When transportation giant, Airline Accommodations Solutions, LLC and Fleetcor Technologies Operating Company, LLC acquired Hotel Connections, later rechristened TA Connections, in 2020 it was largely seen as a great deal for all parties. Hotel Connections, founded and solely owned by Ken Shanley, was the leading provider of hotel accommodations for airlines crews. This gave Fleetcor instant dominance in a lucrative, but complex, segment of the corporate travel business and successful exit for entrepreneur Shanley. But apparently the relationship has soured.
Just last month, Shanley, as Flagler Holdings VI Beta, Inc filed a confidential lawsuit in Delaware courts accusing his former besties of violating the terms of their sales agreement. While the exact details of the allegations are under wraps, the lawsuit claims that Fleetcor violated the non-compete provisions in the agreement.
A non-compete covenant is typically made up of several clauses, all of which are meant to protect the business interests of the buyer from any form of unfair competition that may arise from the seller’s post-sale activities such as engaging in activities that may compromise the survival and profitability of the company. But this filing is anything but typical.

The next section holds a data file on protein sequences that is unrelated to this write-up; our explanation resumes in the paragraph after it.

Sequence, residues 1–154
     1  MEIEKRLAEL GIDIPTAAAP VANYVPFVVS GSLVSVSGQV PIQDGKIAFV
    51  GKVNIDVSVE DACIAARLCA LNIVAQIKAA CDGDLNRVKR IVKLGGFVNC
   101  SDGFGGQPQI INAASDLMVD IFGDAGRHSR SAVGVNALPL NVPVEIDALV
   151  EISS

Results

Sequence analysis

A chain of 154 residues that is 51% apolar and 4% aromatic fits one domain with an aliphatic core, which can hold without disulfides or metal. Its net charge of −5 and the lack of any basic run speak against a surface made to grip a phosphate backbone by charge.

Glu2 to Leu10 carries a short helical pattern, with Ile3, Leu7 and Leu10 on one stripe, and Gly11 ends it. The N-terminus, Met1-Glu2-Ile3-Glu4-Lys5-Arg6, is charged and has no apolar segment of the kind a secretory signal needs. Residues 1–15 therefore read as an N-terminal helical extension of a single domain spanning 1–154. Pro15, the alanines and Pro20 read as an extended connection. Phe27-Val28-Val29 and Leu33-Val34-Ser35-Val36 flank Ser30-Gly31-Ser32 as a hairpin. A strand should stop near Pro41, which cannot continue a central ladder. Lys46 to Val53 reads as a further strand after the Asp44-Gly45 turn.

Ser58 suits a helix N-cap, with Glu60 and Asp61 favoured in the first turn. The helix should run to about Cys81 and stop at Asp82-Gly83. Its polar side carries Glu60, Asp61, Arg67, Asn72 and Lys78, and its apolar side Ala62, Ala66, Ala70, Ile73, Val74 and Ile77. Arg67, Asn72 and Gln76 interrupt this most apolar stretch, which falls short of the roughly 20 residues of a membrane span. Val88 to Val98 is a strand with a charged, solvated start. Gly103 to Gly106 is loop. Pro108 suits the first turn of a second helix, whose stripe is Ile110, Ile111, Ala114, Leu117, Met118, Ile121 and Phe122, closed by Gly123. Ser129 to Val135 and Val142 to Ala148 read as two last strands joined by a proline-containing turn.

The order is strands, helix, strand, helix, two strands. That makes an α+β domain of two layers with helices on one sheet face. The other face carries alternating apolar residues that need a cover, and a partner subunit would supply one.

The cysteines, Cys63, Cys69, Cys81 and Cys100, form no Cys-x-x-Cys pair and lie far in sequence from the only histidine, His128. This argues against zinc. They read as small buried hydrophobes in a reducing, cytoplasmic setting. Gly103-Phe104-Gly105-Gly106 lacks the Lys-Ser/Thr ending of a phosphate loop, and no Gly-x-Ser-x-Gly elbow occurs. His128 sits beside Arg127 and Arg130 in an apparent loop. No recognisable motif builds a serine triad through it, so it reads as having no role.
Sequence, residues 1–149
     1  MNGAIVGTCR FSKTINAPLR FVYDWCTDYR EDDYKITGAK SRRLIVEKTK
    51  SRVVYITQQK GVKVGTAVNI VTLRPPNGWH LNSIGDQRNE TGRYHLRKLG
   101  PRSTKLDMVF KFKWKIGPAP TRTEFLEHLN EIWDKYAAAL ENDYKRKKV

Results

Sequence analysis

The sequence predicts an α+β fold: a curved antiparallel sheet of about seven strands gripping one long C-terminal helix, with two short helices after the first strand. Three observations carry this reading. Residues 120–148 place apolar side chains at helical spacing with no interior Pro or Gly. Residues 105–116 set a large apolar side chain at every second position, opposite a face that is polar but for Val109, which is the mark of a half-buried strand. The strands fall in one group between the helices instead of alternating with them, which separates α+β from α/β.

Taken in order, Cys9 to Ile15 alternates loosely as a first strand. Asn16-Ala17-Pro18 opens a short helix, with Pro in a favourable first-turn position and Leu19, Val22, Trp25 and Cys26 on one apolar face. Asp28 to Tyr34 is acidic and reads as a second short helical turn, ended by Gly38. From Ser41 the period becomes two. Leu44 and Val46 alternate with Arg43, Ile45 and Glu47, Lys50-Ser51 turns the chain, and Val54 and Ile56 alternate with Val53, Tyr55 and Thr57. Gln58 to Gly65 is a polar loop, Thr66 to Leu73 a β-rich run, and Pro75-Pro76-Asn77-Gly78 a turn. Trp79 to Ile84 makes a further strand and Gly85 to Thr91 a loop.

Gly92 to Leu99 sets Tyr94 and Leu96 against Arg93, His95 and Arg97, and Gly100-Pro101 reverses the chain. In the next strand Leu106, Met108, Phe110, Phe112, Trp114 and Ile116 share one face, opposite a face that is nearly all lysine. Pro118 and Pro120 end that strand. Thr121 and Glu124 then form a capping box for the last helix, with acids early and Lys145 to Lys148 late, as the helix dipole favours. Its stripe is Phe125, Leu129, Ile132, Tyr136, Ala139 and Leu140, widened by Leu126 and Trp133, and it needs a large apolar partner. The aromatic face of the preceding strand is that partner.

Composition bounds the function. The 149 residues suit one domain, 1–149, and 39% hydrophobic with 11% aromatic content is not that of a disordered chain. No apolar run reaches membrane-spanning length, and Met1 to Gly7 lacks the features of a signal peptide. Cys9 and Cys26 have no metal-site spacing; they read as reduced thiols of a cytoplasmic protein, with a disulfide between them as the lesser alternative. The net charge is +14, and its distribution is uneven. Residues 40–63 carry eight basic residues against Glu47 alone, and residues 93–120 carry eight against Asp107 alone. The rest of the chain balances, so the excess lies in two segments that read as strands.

The Upside-Down Filing
The confidential nature of the filing keeps secret the details of the specific accusation, but a great concern for business buyers is that the sellers might use their influence to steal customers and former employees. Typically, a non-compete agreement would include tight restrictions on hiring former employees, as well as contacting previous customers. This scenario makes little sense here since the seller, in this case Flagler Holdings VI Beta, Inc and Ken Shanley, are bringing suit against the buyer, Fleetcor Technologies Operating Company, LLC for breaching the non-compete powerful idea agreement.
Non-compete agreements can also bar outgoing business owners from leveraging intellectual property for business benefit. But, again, in this unusual down filing, it’s the seller alleging that the buyer used information they bought unfairly to compete against them.
Tsk. Tsk, Fleetcor. What did you do? We’ll stay tuned to see how this plays out in the courts.